Room By Emma Donoghue

This was emotionally taxing to read. It is brilliant in its conception and execution, but I had to take occasional reading breaks just to get my mind together because it was so claustrophobic to read. I will make this a short review because it’s too draining for me to think about it for very long.

When you read this novel, your mind can’t help but wonder over to the Fritzl case and the Jaycee Dugard case but Donoghue has not lifted any aspects of these cases. To say this is a re-telling of any actual media case would be offensive. This is a separate story in itself but could have come straight from any headline which is one of the reasons why it’s so gripping.

The entire book is written from Jack’s perspective, the little boy born into captivity and with no concept of the outside world. Writing books from children’s point of view is very tricky since you risk turning them into a purity symbol or creating unrealistically wise children. Or they could be too innocent and you miss a lot of the details. However, Jack isn’t treated as a symbol or a metaphor but rather to highlight Ma’s love for him and just what it’s like to be born in a room 11×11 foot long. He’s been characterized realistically as a five year old; he’s precocious but not overly pure, and there are moments of frustrating behaviour because he is still a child.

‘Room’ avoids all sensationalist aspects; there is absolutely nothing perverse about it. Donoghue could easily have made it morbid and every bit the horror story that it is, for example, with sick details of what Old Nick could have done to Ma but she avoids all that. Instead she focuses on the human aspect of the plot, that is, how Ma and Jack escape,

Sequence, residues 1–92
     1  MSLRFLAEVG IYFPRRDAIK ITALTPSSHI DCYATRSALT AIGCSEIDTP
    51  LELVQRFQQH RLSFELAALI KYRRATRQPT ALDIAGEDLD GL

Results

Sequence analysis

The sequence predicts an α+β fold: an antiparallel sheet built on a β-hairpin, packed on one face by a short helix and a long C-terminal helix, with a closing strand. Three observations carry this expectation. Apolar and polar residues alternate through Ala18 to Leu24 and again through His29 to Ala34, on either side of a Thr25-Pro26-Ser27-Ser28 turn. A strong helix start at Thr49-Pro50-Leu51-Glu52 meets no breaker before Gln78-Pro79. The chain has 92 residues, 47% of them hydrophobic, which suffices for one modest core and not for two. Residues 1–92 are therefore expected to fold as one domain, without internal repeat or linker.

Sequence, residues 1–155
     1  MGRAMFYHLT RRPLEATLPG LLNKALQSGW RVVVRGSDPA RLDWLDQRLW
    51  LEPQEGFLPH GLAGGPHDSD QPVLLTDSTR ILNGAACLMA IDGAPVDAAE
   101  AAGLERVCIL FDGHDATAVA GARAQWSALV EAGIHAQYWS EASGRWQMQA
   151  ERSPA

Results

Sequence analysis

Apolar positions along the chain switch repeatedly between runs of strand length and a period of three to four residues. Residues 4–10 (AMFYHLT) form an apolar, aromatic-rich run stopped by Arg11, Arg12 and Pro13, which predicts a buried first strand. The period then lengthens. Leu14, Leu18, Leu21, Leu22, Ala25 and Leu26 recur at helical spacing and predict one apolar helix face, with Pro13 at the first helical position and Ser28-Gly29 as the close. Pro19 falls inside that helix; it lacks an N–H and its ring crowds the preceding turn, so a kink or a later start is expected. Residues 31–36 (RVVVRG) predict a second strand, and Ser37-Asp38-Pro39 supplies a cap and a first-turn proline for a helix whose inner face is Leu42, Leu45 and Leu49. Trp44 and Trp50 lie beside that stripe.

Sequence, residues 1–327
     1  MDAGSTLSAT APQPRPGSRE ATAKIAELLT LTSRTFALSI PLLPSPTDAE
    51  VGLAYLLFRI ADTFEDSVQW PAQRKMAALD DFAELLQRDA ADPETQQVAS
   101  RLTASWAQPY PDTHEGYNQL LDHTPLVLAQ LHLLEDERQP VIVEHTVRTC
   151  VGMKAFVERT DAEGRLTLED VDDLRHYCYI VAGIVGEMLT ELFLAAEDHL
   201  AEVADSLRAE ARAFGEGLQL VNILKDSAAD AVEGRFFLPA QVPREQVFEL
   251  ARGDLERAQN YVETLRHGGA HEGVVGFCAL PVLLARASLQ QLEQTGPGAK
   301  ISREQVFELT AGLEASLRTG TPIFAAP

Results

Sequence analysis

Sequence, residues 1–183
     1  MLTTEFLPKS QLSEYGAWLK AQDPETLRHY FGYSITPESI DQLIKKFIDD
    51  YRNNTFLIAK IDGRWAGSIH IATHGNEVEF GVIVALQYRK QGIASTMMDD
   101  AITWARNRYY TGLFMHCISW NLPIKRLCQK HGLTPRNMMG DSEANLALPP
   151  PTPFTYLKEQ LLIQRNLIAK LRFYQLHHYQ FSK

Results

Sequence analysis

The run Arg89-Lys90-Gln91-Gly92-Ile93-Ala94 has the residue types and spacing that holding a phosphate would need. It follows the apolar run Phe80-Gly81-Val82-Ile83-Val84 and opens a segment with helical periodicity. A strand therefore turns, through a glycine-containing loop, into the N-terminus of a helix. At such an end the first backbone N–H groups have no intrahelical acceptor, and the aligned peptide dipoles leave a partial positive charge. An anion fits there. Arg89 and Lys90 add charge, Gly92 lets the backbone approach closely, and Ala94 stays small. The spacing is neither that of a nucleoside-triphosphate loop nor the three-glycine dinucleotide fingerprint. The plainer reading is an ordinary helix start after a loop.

Fundamentally, this book manages to make a story about a horrific 7-year kidnapping and imprisonment into a story that focuses on the bond between a mother and her child, regardless of the circumstances. The love that Ma (we never learn her name) has for her son Jack drives her actions from the beginning to the very end.

It is a testament to Donoghue’s ability to emphathise with victims in this situation that she can structure a story like this and avoid it being a cheap tabloid read. It is so ambitious and so riveting, I highly recommend it to everyone.


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